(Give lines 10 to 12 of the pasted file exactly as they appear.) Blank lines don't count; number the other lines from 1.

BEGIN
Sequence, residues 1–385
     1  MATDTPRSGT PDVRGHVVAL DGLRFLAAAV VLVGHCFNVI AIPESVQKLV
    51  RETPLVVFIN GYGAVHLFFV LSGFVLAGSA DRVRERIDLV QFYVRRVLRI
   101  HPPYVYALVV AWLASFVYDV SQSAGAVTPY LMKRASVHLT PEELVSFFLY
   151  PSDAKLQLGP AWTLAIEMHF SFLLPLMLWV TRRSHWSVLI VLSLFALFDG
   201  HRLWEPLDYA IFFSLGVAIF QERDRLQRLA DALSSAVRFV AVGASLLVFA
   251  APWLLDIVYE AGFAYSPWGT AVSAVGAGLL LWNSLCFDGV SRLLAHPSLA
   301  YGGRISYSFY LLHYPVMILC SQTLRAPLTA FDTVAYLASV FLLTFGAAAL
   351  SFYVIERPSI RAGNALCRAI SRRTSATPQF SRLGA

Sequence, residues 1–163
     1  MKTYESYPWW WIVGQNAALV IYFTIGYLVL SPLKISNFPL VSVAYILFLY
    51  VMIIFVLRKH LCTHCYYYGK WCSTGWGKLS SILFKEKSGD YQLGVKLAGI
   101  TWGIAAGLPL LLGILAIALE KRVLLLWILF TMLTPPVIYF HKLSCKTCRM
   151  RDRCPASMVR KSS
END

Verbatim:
Sequence, residues 1–163
     1  MKTYESYPWW WIVGQNAALV IYFTIGYLVL SPLKISNFPL VSVAYILFLY
    51  VMIIFVLRKH LCTHCYYYGK WCSTGWGKLS SILFKEKSGD YQLGVKLAGI